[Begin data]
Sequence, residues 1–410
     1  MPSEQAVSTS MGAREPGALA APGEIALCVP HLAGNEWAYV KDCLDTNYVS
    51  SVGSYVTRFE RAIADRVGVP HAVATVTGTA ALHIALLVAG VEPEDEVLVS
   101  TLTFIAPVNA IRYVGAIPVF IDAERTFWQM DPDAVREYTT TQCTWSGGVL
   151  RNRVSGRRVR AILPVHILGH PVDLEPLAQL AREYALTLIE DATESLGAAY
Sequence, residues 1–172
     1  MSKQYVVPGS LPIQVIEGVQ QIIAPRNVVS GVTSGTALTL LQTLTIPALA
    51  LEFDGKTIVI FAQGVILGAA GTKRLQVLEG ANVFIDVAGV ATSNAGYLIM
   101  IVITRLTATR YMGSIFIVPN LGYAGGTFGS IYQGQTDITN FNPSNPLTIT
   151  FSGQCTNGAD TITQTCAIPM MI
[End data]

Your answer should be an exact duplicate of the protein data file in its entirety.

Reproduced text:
Sequence, residues 1–410
     1  MPSEQAVSTS MGAREPGALA APGEIALCVP HLAGNEWAYV KDCLDTNYVS
    51  SVGSYVTRFE RAIADRVGVP HAVATVTGTA ALHIALLVAG VEPEDEVLVS
   101  TLTFIAPVNA IRYVGAIPVF IDAERTFWQM DPDAVREYTT TQCTWSGGVL
   151  RNRVSGRRVR AILPVHILGH PVDLEPLAQL AREYALTLIE DATESLGAAY
Sequence, residues 1–172
     1  MSKQYVVPGS LPIQVIEGVQ QIIAPRNVVS GVTSGTALTL LQTLTIPALA
    51  LEFDGKTIVI FAQGVILGAA GTKRLQVLEG ANVFIDVAGV ATSNAGYLIM
   101  IVITRLTATR YMGSIFIVPN LGYAGGTFGS IYQGQTDITN FNPSNPLTIT
   151  FSGQCTNGAD TITQTCAIPM MI